Pyrograf Stacked-Cup Carbon Nanotubes Suited to Use as Catalyst Supports for Lithium-Air Batteries

Published on July 5, 2011 at 7:08 PM

Researchers from Applied Sciences Inc., a world leader in advanced materials have demonstrated the ability of Pyrograf III stacked-cup carbon nanotubes to serve as catalyst supports for the air electrode of lithium-air batteries. Preliminary data shows that carbon nanotubes coated with metal oxides are providing reversible behavior for air electrodes to enable the production of secondary lithium-air batteries.

Applied Sciences is exploring this technology under an Army phase I SBIR program aimed at developing the next generation of high energy density rechargeable batteries for use in defense systems.

Project Description

Many defense systems such as silent watch, soldier power, unmanned vehicles, communications equipment, and directed energy weapons require portable power which limits the duration and capability of missions relying upon these systems. The Department of Defense is therefore seeking energy storage devices with higher energy densities to extend mission duration and capability. Of all battery technologies currently available, batteries which rely upon lithium-air chemistry have the highest energy density. However, lithium-air battery performance is limited by issues with the metallic lithium anode and poor performance of the cathode.

Applied Sciences, Inc. proposes to overcome these issues through the use of a positive electrode with a rapid oxygen-exchange catalyst impregnated in a gas-diffusion electrode. The positive electrode catalyst is a transition-metal oxide with high activity for O-O bond cleavage and fast oxygen exchange. Once the proposed cathode is reduced to practive, it is anticipated that the combination of a high capacity anode with the proposed cathode will exceed a specific energy density of 1000 Ah/kg, at relatively low-cost.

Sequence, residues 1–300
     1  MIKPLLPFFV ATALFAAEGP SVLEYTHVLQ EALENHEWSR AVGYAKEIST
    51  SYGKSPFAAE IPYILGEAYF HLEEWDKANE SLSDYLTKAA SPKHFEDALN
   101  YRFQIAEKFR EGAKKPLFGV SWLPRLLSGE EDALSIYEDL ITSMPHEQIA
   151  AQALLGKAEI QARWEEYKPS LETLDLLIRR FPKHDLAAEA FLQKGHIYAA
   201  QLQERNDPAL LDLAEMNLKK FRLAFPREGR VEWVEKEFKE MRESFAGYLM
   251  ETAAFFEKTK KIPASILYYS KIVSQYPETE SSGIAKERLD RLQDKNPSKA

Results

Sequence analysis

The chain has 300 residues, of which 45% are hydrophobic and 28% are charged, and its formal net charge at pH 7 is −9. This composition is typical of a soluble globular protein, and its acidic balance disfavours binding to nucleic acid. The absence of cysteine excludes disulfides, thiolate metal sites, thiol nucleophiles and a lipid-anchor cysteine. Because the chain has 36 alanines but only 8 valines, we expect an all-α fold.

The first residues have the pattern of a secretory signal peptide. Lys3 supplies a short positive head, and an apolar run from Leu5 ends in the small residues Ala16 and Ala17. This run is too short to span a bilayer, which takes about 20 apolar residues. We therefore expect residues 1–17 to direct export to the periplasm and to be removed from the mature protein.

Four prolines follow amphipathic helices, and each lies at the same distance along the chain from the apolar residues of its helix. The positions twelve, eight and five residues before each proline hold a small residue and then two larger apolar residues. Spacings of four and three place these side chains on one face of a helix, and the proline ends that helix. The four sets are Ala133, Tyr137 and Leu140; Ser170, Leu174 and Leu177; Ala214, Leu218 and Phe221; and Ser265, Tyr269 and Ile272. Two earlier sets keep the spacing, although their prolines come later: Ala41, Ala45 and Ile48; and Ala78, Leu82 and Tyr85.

Potential Applications

The development of a rechargeable battery with energy densities an order of magnitude higher than existing battery technologies will dramatically increase the mission capability of numerous military systems including silent watch, sensors, soldier power, UAVs and UUVs, surveillance, instrumentation, communication equipment, satellites, and directed energy weapons. Commercial applications for advanced battery technologies include power tools, hybrid and all-electric vehicles.

About Applied Sciences, Inc.
Applied Sciences, Inc. (ASI) is a nationally recognized research and development corporation located in Cedarville, Ohio specializing in advanced materials and their applications. Incorporated in 1984 Applied Sciences has a rich history of development work from a variety of funding sources including NASA, Army, Navy, Air Force, NIST, and EPA, as well as private contracts.

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